But the comet which obliterated their society had a twin. According to their impressive mathematical models, the twin would return in some 9,000 years—in other words, soon—and produce similar results. The data is passed on to an observatory for analysis.
The Wolfs have created four superships to save themselves from the cataclysm, and everything required for a future civilization. Dirk Pitt and Al Giordino take a tour of one of the ships, while rescuing Pat, who was captured for her ability to decipher the Amenes inscriptions.
Around this time, Dirk meets Karl Wolf, the C.E.O. of Destiny Enterprises Limited. According to the references in the novel, he is a direct descendant of Ulrich Wolff, Colonel of the S.S. A tall, blond man of impressive build, he compliments Dirk on his luck. When Dirk mentions the potential catastrophe, and the loss of life it will entail, Wolf replies, "There is the difference between us, Mr. Pitt. You see this event as an ending. I see it as a new beginning. And anyway, my organization is already working on accelerating that timetable." Leaving them with this, he departs.
The data from the observatory comes back: the prophecy is false. Although the Amenes mathematical model was quite precise, computerized methods are faster and more exact. The comet is scheduled to return to Earth in another few millennia and miss the planet entirely.
Pondering Wolf's comment, NUMA researchers note that New Destiny is putting a lot of capital into a series of vast ships with which to survive the deluge. As well as this, information linked to a nanotech research facility in Antarctica comes to light. According to some sources, the facility is built on the ruins of an Amenes city found there by Nazi archeologists before World War II. It was intended as a submarine base, but never used.
The plan ultimately comes to light: the villains intend to use nanotechnology to separate the Ross Ice Shelf from the Antarctic mainland. The loss of such a large mass will destabilize the ocean currents of the southern hemisphere, and unbalance the planet (Pole shift theory). In the resulting wave of earthquakes and tsunami, the population would be decimated, and civilization would collapse.
Dirk and his friends travel there immediately, but their transport breaks down. They encounter a rich eccentric named 'Dad' (Clive Cussler) who is there with a team to recover the gargantuan Antarctic Snow Cruiser left there in 1940 during Admiral Byrd's third Antarctic expedition. Using the Snow Cruiser, they are able to make it the rest of the way to the villains' base in the ancient Amenes city. There, they deactivate the nanotechnology with minutes to spare, and the authorities arrive to secure the base.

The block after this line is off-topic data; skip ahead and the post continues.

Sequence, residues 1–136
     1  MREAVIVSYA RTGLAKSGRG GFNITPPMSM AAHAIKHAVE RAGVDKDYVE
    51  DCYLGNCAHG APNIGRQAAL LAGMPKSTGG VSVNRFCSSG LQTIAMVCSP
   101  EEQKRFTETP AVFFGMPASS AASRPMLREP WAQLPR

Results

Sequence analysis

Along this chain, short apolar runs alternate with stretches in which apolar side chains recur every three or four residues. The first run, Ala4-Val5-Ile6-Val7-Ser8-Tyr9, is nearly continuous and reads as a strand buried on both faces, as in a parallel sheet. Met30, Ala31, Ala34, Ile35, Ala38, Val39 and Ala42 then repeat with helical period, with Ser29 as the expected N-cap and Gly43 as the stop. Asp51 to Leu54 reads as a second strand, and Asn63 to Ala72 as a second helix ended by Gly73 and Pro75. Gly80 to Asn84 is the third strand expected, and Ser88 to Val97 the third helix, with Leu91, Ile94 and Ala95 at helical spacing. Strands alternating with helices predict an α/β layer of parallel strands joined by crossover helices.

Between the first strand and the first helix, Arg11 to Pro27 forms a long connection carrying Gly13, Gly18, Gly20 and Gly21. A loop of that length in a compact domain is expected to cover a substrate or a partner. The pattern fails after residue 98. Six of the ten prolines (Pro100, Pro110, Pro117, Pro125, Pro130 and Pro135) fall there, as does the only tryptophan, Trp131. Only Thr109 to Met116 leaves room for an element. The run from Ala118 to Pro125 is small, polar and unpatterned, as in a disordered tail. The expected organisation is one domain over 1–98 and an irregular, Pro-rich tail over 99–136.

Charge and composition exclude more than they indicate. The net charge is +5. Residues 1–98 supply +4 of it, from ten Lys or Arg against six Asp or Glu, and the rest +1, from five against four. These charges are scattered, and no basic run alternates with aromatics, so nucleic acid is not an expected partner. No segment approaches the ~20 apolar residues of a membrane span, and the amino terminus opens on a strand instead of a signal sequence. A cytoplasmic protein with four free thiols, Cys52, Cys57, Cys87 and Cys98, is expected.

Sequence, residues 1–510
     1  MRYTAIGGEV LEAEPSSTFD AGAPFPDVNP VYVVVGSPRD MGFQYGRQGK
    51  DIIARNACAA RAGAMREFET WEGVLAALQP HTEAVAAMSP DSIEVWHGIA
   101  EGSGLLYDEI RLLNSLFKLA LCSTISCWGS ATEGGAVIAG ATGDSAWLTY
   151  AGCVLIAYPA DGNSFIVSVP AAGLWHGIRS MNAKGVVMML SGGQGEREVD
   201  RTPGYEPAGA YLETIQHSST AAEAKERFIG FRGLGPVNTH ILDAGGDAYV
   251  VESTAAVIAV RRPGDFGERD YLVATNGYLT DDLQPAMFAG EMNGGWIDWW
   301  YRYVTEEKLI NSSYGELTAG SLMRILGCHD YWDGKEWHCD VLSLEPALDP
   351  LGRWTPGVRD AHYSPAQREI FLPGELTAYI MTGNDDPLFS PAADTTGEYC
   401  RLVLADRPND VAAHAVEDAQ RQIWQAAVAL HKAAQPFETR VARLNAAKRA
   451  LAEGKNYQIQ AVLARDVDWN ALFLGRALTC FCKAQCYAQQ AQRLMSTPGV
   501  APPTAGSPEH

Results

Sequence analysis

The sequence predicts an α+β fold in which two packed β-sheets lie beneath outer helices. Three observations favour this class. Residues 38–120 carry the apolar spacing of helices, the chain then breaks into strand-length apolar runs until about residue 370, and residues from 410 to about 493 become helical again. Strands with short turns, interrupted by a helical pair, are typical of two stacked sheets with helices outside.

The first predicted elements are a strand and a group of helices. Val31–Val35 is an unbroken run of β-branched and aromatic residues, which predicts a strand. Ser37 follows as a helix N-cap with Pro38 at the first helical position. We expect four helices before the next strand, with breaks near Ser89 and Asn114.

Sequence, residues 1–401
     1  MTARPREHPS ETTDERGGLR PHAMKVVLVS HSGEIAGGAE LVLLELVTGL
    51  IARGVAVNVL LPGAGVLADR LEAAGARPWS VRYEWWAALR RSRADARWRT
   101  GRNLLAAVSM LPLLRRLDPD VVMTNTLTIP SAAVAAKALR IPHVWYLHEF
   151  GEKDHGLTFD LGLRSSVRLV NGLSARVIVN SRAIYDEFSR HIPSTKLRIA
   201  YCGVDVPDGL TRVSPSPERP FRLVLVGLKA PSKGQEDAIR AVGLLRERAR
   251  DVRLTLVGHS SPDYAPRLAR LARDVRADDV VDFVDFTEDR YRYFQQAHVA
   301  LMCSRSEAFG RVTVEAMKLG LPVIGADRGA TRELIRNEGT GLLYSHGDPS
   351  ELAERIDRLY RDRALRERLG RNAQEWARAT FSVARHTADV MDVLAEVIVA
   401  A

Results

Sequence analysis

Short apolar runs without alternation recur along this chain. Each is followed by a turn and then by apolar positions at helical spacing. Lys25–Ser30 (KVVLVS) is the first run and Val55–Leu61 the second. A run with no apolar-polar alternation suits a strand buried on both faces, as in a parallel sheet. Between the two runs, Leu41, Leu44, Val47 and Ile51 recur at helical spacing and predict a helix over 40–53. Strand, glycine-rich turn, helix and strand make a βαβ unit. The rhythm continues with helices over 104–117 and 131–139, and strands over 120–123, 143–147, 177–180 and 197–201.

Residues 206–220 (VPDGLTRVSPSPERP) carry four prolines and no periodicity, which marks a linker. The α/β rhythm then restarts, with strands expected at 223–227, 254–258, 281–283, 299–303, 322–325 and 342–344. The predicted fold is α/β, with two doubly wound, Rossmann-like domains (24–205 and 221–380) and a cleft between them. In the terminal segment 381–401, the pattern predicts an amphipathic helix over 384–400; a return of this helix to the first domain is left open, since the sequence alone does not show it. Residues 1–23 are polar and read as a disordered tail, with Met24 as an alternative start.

They are then faced with the problem of the Wolfs. If placed on trial, the family would call upon influence from the governments of the world, most of whom owe them money. However, they cannot be allowed to walk free, as it would be far too dangerous. Dirk settles for offering them a choice between walking out of the base in the middle of a blizzard, or death by firing squad. Pausing to say they admire his style, the family departs. They die of hypothermia soon afterwards.
Upon return to Washington, D.C., Pitt and Giordino realize that their plane has been subtly replaced with a facade, piloted by Destiny Enterprises muscle. Landing at a small air field outside of D.C., Pitt and Giordino take control of the aircraft and literally drive the craft down the highways, eventually ending up in downtown D.C. Chased by a series of vehicles from the Wolfs, Al Giordino destroys both vehicles with weapons from the door of the aircraft. After being arrested by the D.C. Police Department, Pitt and Giordino were released to the White House where both meet with the President, his cabinet, Admiral James Sandecker, and Congresswoman Loren Smith.
[[[Atlantis Found|edit]]] Series continuity
It is revealed in the book that 'Dad' is in fact Clive Cussler himself. That he appears in his own work is a recurring theme of the series. And as mentioned by Loren Smith, this is the first time where Dirk Pitt doesn't take back the form of transport used in the book (an old car/plane/boat etc.) to his hangar.